Such is my fondness for this menu that it has lain in my office for many years. Its age is conspicuous: it is priced in French francs, so dates to the pre-euro era, and it boasts an extensive fish section, reflecting a time when top-quality fish was in more abundant supply than today.
In spite of its vintage, this artefact from one of the world’s most elegant restaurants is the epitome of clear design. It shows how the restaurateur, by putting himself in the place of the customer, can create a menu that is comprehensive, democratic and exudes a sense of occasion.
Although today’s Taillevent menu lacks the woodcuts that adorn this version, it follows the same principles. It is large-format and spread over four pages. The opening page covers the first and main courses, the final page the desserts. The middle spread conveys the highlights of the exceptional wine cellar (the current owners are the Gardinier family, of Château Phélan Ségur in Bordeaux).
There is no separate wine list handed to a presumed host or hostess, so there can be a lively discussion between all those at the table about which wines will be enjoyed.
Once Jean-Marie Ancher, Taillevent’s maître d’, hands you a menu and you hold it up to take in what is on offer, the size of it encloses you in your own world: just you, the menu and your appetite.
Quo Vadis, Soho, London
This is an example of the power of excellent design. Sam and Eddie Hart took over this rambling restaurant in 2007 and hired Jeremy Lee as head chef in 2012. Lee brought in designer Julian Roberts of Irving & Co, who works round a central, changing illustration by John Broadley. Collectively they have transformed the business.
This menu takes the eyes and stomach on a gentle tour. Top left are “kickshaws”: hot, pinched parcels of puff pastry filled with minced chicken. (The recipe is from Lee’s Scottish mother while “kickshaws” is a corruption of the French quelque chose.) Centre stage is the day’s menu, a well-balanced choice of five starters and main courses. Around the edges are dishes to appeal to those with particularly small or large appetites. And, because this is Soho, there is always a theatre menu.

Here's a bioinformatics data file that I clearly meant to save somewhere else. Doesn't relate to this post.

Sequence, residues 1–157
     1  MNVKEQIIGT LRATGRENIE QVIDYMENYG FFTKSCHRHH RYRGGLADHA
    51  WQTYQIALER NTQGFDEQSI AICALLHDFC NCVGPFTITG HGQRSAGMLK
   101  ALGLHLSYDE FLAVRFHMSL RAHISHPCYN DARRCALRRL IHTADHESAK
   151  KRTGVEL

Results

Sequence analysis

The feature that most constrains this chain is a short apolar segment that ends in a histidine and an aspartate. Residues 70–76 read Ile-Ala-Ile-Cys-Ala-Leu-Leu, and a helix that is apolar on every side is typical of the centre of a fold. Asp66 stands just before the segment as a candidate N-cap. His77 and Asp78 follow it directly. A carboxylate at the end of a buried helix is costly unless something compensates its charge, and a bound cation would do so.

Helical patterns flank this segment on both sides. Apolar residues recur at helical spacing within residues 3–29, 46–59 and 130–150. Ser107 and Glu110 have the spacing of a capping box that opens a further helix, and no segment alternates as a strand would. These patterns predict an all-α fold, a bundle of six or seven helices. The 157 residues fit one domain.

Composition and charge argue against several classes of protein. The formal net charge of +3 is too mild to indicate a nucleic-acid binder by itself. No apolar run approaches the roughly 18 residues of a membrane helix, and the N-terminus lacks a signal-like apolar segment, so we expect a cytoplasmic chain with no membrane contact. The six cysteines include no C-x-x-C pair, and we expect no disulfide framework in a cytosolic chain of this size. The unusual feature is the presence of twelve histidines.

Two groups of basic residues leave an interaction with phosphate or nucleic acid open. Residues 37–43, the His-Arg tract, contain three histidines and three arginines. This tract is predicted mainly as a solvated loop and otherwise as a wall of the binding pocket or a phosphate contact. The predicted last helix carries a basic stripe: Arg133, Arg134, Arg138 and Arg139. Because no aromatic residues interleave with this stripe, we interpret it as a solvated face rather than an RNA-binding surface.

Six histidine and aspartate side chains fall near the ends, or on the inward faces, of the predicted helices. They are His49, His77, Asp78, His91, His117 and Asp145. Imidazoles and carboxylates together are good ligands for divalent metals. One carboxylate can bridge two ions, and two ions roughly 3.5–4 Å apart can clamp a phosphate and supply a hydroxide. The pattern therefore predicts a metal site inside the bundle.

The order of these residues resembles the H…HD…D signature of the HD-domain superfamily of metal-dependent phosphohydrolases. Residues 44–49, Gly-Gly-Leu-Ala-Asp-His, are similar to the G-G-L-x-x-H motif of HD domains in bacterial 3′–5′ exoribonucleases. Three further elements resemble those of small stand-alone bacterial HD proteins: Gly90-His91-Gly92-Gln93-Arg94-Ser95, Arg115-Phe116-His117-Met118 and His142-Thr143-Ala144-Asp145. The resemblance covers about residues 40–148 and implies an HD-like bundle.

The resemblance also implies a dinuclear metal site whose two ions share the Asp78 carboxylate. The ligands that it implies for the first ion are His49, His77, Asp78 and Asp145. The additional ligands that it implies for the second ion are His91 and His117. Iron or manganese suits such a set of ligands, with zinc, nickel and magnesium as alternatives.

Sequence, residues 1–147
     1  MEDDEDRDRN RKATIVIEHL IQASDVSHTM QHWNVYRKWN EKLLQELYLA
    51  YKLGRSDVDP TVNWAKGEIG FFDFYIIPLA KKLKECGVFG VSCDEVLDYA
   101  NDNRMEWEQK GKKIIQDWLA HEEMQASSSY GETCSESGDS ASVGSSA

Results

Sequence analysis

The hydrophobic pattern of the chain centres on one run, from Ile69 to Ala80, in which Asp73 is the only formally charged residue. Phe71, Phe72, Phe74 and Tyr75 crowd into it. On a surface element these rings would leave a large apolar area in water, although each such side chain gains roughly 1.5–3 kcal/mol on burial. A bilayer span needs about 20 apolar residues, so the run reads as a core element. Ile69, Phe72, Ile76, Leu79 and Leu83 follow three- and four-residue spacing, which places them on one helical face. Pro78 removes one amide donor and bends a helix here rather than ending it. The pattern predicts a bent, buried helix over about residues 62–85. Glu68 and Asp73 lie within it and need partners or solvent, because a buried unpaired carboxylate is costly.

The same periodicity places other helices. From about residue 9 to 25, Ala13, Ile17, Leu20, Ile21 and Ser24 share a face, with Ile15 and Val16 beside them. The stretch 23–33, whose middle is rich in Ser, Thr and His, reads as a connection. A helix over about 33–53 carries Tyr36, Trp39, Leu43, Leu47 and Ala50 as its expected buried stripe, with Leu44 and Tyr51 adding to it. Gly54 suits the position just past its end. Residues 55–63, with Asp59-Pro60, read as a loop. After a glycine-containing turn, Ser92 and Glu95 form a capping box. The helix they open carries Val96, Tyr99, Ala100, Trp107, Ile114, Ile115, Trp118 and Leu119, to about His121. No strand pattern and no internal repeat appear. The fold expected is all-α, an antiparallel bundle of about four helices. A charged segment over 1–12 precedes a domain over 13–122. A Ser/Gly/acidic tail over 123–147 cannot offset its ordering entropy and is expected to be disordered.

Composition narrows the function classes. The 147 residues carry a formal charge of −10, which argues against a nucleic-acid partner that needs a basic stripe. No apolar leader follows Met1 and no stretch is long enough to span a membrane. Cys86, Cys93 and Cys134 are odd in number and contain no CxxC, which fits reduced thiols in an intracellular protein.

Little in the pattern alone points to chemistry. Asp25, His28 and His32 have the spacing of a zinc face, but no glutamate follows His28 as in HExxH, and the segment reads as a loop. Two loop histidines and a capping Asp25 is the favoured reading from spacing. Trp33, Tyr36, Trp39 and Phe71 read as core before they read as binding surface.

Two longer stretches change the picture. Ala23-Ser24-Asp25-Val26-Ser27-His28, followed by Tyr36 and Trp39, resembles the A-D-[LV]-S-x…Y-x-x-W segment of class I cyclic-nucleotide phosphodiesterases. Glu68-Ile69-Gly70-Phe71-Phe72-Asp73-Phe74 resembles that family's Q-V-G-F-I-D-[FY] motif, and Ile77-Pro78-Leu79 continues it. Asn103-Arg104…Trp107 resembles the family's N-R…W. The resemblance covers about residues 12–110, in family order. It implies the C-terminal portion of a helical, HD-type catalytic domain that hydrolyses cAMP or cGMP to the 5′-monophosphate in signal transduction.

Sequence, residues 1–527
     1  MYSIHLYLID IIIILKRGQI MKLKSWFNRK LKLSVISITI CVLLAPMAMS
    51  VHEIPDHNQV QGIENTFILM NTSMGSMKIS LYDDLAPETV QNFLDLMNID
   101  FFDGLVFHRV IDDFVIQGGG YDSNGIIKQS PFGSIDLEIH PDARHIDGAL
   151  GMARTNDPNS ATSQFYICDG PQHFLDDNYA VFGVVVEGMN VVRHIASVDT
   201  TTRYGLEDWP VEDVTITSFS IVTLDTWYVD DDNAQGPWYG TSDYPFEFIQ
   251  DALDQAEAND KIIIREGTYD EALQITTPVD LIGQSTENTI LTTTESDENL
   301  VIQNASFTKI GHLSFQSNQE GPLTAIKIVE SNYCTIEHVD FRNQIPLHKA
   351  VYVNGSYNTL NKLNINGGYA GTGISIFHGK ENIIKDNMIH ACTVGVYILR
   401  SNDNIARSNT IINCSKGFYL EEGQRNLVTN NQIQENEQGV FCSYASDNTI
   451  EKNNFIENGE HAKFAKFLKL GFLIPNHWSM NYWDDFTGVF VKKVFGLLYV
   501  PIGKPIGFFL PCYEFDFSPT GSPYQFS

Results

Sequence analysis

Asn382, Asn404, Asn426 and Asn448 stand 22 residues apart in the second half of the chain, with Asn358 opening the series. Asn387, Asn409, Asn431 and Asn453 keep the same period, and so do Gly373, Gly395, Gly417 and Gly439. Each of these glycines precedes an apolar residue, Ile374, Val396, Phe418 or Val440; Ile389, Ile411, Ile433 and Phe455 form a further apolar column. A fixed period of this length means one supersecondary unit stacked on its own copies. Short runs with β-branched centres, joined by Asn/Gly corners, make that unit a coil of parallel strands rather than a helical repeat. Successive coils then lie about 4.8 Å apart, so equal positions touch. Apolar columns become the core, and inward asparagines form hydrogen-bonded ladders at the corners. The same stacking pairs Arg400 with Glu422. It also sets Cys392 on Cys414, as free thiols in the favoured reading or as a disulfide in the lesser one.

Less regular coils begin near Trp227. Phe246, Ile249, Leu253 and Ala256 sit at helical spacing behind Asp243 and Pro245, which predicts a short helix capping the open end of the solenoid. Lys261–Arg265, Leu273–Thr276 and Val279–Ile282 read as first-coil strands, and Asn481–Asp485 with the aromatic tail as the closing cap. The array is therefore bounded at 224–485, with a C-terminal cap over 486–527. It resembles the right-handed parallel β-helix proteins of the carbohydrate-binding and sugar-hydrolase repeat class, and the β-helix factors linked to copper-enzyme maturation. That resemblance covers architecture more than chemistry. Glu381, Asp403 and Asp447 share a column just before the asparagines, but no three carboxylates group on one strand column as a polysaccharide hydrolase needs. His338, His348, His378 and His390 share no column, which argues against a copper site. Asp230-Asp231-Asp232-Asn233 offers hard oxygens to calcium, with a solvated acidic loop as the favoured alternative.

Zuni Café, San Francisco
This menu excites me visually on several fronts. I can immediately spot those dishes that I would want to eat sitting in the California sunshine: the house-cured anchovies with celery; the bowl of polenta with mascarpone; and Zuni’s faithful Caesar salad and roast chicken for two cooked in the brick oven.
Then the menu effortlessly takes me on a tour of those farms which, if they have passed the scrutiny of Judy Rodgers and Gilbert Pilgram, Zuni’s owners, and their chefs, will necessarily be the most reliable producers: Watson Ranch for lamb; Wolfe Ranch for quail; and Evans Ranch for beef. Not to mention the chorizo cured by Rymee Trobaugh, Zuni’s kitchen manager.
Finally, it is admirably concise and easy to navigate. The list of aperitifs, sodas, beers and coffee in small print at the bottom makes all those separate pieces of paper that clutter so many restaurant tables completely unnecessary. Pick up this menu, sit back and relax.
Café Sopra, Sydney
Blackboard menus have long been the mainstay of brasseries in France, and I have only happy memories of the waiting staff at Bistrot Paul Bert in Paris explaining the day’s dishes to me as they carried the blackboards from table to table.
But this menu from one of my favourite places in Sydney conveys even more. Sopra’s diners sit next to shelves of colourful produce at Fratelli Fresh deli, so there is an extra layer of excitement as these blackboards signal how the fruit, vegetables and herbs will rapidly be transformed and brought to your table.
Blackboard menus also appeal because they seem timeless and yet reflect the elegant hand of a particular member of staff. Twenty-first-century technology has not been able to create an equally low-cost substitute, although the practice of projecting the menu on to a wall via a laptop as at Monvínic, in Barcelona, will doubtless become increasingly common.
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